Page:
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Monday, Oct. 20, 2014

Sagging discussion continues

Tuesday, September 9, 2008

Citizens and council members weigh in on issue

SIKESTON -- Sikeston City Council members and citizens agreed during a discussion of baggy sagging pants: they don't like it. Whether the city should pass an ordinance banning sagging is yet to be decided.

The discussion on possible legislative action to address sagging and baggy pants was the first business item on the agenda for the regular Sikeston City Council meeting Monday.

Mike Bohannon, mayor pro tem, said city officials have received comments via email on the pros and cons of banning sagging pants and there are many issues to consider -- such as the idea of "measuring the amount of everybody's boxers that are showing."

Asked for his opinion by the Council, Captain Dan Armour of the Department of Public Safety said there could be enforcement issues to deal with if an ordinance is passed, but the position of the DPS is to enforce the laws as passed by the City Council.

"It's a shame we even have to be having this discussion," Bohannon said. "We've got a lot of good youth in this town. We don't want to give the perception of picking on them."

Missy Marshall, executive director for Sikeston Area Chamber of Commerce, said those who wear sagging pants used to wear a long shirt to cover the hemlines but related how those she has seen recently have their shirts up high enough to reveal more.

"I can tell you what their boxers looked like," she said, "and I think that's why people are getting so upset."

Many businesses, Bohannon noted, already have "no shirt, no shoes, no service" policies in place.

Councilman Michael Harris said he would like to see more businesses get involved in setting dress codes for their establishments.

"We address it at school," he said. "When I have to see boxers, I don't like that."

Marshall suggested the city encourage businesses to establish no sagging policies. "Maybe we should try that route first," she said.

One citizen pointed out that there has been controversy regarding breast feeding in the past, but noted that what is really at issue here is simply revealing underwear -- not a breast.

Another citizen said seeing someone's boxer shorts is offensive. "They can't walk in my house, they can't walk in my yard," he said. But some people, he added, would also like to see laws passed prohibiting dresses that are no shorter than 3 inches above the knee, too. "It's the same thing," he said.

Concerns were also voiced that youth might "make a game out of it" and run from police when they were wearing sagging or baggy pants.

"I appreciate everybody's thoughts on it," Bohannon said. "There are a lot of pros and cons on this."

In other business during Monday's meeting:

* A bill which would prohibit parking on the west side of Harris between Cresap and North New Madrid failed with a tie vote.

The city's traffic committee had recommended the Council not prohibit parking there, according to Steve Lee, street superintendent.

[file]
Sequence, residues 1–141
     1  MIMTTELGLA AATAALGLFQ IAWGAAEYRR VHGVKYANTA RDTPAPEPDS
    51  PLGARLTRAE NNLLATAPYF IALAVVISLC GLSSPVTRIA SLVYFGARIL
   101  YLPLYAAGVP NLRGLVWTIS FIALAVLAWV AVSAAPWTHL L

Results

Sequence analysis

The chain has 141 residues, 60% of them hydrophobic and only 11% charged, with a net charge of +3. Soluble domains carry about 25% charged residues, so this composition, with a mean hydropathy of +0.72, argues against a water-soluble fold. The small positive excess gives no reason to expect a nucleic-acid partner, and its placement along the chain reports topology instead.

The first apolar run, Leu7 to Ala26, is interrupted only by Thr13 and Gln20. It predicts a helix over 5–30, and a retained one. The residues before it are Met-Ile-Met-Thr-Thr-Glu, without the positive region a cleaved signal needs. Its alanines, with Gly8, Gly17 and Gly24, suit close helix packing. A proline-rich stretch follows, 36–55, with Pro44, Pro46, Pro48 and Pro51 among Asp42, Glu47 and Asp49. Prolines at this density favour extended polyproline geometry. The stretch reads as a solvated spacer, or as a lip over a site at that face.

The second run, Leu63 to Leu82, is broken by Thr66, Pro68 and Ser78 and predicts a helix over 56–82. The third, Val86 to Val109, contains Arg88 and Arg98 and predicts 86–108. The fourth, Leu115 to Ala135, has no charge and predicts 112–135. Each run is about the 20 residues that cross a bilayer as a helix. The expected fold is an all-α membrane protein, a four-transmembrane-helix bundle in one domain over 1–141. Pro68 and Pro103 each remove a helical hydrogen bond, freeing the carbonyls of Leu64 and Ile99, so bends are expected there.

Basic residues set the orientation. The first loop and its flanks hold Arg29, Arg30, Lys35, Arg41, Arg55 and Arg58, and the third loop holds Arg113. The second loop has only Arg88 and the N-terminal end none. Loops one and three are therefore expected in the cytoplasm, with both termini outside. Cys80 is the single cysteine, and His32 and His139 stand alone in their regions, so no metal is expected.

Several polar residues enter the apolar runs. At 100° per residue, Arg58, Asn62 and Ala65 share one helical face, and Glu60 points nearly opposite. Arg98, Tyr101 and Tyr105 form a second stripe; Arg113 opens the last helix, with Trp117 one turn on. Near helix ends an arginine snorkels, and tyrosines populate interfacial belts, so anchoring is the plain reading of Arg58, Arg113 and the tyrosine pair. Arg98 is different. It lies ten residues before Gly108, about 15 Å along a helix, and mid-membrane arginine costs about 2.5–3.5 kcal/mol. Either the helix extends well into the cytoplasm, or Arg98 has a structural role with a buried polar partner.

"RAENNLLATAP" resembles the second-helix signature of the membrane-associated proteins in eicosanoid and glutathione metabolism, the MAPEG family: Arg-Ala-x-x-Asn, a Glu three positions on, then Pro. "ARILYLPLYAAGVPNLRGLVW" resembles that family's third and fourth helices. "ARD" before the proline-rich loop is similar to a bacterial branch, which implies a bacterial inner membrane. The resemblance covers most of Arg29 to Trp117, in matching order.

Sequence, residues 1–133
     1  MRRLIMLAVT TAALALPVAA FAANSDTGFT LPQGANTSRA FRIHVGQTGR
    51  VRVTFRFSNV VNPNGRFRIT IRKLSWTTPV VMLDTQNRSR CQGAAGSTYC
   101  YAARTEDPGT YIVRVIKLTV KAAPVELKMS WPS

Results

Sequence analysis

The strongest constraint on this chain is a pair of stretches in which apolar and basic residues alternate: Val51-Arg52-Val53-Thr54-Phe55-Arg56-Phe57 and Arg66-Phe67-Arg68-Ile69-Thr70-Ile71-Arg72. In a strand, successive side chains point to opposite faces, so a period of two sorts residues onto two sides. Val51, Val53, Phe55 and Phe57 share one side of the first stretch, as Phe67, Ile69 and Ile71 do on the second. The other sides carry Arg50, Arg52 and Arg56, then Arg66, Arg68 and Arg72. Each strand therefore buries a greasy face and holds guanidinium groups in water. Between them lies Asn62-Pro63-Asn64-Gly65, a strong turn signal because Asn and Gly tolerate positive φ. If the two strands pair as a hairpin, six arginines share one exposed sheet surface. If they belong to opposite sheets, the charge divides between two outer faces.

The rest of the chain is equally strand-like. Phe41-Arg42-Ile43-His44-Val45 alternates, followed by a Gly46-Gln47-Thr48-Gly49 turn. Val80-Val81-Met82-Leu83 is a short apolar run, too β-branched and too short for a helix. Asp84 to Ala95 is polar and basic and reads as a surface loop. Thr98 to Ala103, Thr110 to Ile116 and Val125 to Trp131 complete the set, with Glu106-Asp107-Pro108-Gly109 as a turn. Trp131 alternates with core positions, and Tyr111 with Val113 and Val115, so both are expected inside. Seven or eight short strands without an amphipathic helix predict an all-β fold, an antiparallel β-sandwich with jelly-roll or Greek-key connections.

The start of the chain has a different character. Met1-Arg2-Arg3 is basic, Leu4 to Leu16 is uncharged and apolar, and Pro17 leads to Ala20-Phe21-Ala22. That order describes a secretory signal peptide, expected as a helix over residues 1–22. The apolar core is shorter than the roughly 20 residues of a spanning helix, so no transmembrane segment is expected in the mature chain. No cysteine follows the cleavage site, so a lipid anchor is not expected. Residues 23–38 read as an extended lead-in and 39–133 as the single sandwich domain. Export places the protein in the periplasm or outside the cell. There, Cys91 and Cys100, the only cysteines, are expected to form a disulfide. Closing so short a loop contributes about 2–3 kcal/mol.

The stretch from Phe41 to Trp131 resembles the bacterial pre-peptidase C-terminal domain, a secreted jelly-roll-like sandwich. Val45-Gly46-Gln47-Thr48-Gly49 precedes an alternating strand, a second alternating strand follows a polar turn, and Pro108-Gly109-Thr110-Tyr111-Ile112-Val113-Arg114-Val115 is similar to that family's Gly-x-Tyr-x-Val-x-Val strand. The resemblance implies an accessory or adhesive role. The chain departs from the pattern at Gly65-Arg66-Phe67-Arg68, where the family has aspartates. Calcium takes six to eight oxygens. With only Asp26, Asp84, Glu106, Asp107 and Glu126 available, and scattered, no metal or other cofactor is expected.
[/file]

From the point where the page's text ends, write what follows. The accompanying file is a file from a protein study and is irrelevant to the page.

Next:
Lee said now that they have repainted the yellow curb on the east side of Harris, traffic will not have a problem there as it did when people were parking on both sides of the street.

* Council members approved the addition of a stop sign on Cherokee at South West as recommended by the traffic committee.

* A bill authorizing a contract between the city of Sikeston and Missouri Highway and Transportation Commission for Safe Route to School program was approved.

The $12,000 program for grades K-8 will be entirely funded with a non-infrastructure grant, according to Lee.

Funding will be used to purchase safety helmets; safety strobe lights; smart rider certificates; educational booklets, guides, activity packs, book marks, stickers, pledge cards, posters, videos and presenter guides; and to hold Perfection on Wheels Stunt Team safety and health training assemblies.

* An emergency bill authorizing the city to issue taxable industrial revenue bonds to fund the costs of constructing and equipping the Orgill Inc. facility was approved.

Bohannon noted the bonds "in no way obligate the city of Sikeston for any of the debt."

The transactions will close on Friday. Ed Dust, director of the Sikeston Department of Economic Development, said the company may begin moving dirt at the site as early as today.

Appointments approved

Council members also approved a slate of appointments to the city's boards and commissions during their regular meeting Monday.

Included on this slate for reappointments or new appointments are:

* Ellen Brandom and James Miller (alternate), Board of Adjustments;

* Thomas Hedrick, Emory McCauley Jr. and Reade Furguson, Board of Appeals;

* Robert Clay, Board of Municipal Utilities;

* Geoff Comer, Enhanced Enterprise Zone Board;

* David Hay and Larry Tetley, Housing Authority Board;

* Steve Millington, Industrial Development Board;

* Bill Mitchell, LCRA Commission;

* Bob Depro, Larry Braden and Libby Caskey, Library Board of Trustees;

* Phil Black, Murray Sullivan and Bonnie Dyer, Park Board;

* Harry Howard and Jim McClure, Planning and Zoning Commission;

* Michelle Williams, David Terrell and Paul Cohen, Public Safety Advisory Board;

* Anderson Walker Jr., Bart Grant and Chester Yarber, Rental Ordinance Appeals Board;

* Shad Old, Sikeston-Miner Convention and Visitors Bureau Advisory Board;

* Matt Marshall and Rik LaPlant, Tax Increment Financing Commission;

* Thomas Hedrick and Scott Welton (alternate), Traffic Committee; and

* Rick Justice, Elizabeth Lorenz, Carolyn Harris, Felicia Blanton, Brenda Sailors and Murray Sullivan, Sikeston Campus Advisory Board.

Appointees will be notified and asked to take an oath of office at either the next special meeting Sept. 29 or the next regular meeting Oct. 6.